Would gamers buy a standardised PC to play Valve games such as Portal 2 and Left 4 Dead?
In case you haven’t noticed, there’s a major philosophical schism in the gaming community. It separates those who play games on PCs from those who play on consoles such as the PlayStation 3 and the Xbox 360. Each group looks on the other with a certain amount of disdain, especially when the obligatory “PC gaming is dead” stories emerge with the launch of each new console.
Of course these powerful game consoles are really computers under the bonnet. The point is that they’re a standardised hardware and software platform — for better or for worse. The beauty of buying a game for the PlayStation 3 is that you know it will run happily on any PlayStation 3 and you’re generally freed from PC-esque hassles (apart from large software updates).
Meanwhile PC gamers are busy tinkering under the bonnet. They trick out their high-performance gaming rigs to offer razor sharp resolution, exquisite detail and mouth-watering frame rates. They generally like to see the whites of a zombie’s eyes before they splatter its brains across the footpath.
Of course for PC gamers there’s always a faster processor, more powerful graphics card and larger monitor around the corner. Last year’s high-end graphics card might not do justice to this year’s high-end games. Living on the upgrade cycle might sound frustrating, but it’s the price that PC gamers are prepared to pay to escape the shackles of static console platforms.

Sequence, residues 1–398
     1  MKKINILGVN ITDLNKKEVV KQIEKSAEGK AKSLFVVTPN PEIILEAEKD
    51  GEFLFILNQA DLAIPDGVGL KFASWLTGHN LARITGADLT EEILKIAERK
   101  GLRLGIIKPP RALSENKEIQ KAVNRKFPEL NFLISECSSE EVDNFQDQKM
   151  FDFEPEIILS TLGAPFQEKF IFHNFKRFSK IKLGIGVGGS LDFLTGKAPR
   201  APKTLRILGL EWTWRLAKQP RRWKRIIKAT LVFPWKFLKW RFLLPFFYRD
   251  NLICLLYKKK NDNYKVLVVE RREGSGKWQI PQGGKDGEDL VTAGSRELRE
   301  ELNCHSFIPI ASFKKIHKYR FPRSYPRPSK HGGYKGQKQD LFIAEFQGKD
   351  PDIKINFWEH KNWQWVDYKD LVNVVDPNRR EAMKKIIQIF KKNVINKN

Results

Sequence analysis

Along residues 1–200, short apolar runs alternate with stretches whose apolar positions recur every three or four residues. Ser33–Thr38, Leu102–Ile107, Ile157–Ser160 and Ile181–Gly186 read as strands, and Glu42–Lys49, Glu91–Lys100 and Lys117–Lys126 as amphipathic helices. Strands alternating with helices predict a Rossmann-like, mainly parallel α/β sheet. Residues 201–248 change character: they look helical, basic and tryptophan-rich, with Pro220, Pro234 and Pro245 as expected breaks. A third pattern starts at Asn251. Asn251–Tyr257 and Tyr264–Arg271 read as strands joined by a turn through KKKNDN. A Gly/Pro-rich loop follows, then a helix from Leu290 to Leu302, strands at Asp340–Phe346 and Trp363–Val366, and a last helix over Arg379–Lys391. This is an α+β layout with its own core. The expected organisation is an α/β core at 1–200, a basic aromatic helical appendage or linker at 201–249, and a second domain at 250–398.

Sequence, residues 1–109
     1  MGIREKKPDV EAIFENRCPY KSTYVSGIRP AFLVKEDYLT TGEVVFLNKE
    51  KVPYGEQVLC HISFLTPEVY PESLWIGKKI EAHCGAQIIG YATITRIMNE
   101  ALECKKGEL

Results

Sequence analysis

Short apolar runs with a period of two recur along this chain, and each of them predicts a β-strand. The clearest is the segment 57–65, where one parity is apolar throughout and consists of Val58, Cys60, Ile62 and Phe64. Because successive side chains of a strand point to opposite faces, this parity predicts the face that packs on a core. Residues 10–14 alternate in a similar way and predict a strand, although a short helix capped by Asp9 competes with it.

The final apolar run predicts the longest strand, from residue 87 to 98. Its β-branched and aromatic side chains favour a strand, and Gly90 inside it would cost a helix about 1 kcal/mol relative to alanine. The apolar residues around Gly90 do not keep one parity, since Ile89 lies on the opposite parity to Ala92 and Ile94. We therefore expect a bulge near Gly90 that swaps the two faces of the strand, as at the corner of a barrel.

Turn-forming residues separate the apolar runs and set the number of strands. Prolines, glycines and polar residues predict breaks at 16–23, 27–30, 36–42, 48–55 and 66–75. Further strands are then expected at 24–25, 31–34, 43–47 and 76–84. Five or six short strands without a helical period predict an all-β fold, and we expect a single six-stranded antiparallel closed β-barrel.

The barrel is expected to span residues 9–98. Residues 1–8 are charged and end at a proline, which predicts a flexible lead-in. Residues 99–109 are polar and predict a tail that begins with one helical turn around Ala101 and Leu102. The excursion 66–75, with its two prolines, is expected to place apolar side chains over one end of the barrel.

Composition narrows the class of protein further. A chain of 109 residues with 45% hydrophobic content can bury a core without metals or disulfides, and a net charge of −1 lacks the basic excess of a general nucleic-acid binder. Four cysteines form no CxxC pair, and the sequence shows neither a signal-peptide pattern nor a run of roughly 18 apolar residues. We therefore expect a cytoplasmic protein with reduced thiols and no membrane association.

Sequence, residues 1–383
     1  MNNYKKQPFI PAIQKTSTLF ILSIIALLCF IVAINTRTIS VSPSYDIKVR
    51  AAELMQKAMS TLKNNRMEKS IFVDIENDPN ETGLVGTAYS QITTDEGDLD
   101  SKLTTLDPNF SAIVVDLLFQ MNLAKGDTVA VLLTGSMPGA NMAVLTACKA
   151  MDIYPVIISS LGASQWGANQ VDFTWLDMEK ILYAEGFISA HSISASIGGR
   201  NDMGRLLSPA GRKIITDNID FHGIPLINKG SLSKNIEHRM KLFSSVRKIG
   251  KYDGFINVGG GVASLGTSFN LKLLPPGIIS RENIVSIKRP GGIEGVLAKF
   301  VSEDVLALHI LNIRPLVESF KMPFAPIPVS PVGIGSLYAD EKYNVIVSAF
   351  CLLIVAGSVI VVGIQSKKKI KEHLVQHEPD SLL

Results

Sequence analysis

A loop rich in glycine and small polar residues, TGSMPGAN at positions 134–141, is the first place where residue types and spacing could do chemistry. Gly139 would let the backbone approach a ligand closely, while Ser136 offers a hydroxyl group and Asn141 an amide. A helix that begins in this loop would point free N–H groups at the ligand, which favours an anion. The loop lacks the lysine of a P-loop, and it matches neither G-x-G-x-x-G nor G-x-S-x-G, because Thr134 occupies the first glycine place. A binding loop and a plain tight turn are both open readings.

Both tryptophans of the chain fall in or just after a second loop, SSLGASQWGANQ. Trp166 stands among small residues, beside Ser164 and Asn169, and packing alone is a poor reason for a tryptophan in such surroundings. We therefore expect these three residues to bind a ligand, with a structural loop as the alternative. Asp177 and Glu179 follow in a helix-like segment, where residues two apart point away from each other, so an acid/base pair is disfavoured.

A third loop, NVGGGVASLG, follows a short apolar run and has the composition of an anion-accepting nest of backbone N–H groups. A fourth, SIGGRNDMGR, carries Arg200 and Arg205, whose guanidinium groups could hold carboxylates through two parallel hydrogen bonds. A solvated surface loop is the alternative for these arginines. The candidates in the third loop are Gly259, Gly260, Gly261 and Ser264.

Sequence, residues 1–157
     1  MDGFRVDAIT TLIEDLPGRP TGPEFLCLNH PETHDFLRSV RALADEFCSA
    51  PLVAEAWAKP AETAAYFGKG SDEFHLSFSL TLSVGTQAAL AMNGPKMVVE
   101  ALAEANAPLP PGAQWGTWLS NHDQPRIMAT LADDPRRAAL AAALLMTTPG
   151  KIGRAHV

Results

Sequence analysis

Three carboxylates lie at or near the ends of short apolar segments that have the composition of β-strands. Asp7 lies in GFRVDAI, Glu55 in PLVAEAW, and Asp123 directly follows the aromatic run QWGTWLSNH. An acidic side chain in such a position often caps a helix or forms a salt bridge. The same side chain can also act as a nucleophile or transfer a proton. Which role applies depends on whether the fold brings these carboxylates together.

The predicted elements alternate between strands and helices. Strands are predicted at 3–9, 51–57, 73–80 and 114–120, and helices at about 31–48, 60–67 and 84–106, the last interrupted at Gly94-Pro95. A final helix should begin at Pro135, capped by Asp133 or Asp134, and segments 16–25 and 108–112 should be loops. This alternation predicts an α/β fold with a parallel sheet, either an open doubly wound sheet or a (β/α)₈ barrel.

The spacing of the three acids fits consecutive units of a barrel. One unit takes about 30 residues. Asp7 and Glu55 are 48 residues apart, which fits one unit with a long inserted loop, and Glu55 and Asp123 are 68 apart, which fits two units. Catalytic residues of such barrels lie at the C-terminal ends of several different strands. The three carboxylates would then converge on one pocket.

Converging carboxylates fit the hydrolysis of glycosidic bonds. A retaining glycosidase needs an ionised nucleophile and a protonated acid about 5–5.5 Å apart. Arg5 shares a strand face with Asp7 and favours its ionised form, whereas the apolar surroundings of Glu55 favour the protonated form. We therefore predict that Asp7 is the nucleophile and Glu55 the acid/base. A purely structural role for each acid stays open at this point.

The debate rages but gamers have voted with their wallets, as sales figures indicate the majority of people prefer the convenience of console gaming over the flexibility of PC gaming. When you combined PS3 and Xbox 360 games sales, they outnumber PC games sales by around 10 to 1.
So we come to Valve’s rumoured “Steam Box” games machine. Valve’s Steam platform lets you purchase PC games online and download them rather than heading off to the shops for a disc. Last year Valve also embraced the PlayStation 3, letting console owners interact with the Steam network and engage in cross-platform play and instant messaging.
So far, so good, but do the rumours of a Valve games machine make sense? Reports indicate the Steam Box could actually be a range of PCs built to meet Valve certification, rather than just one box. It might also bring the PC gaming experience to the big screen in your lounge room. Admittedly this could impact on the traditional keyboard/mouse interface used with PC games, considered by some to be a strength compared to console controllers.
Valve has denied the existence of the Steam Box, but the rumours persist. A standardised design should offer stability, although this would be jeopardised if owners could use it for other tasks and install extra software. Of course a static, stable gaming platform is what already attracts some people to consoles and drives others to PCs. Gamers on both sides of the divide are likely to scoff at a PC locked down to mimic a console — potentially offering the worst of both worlds.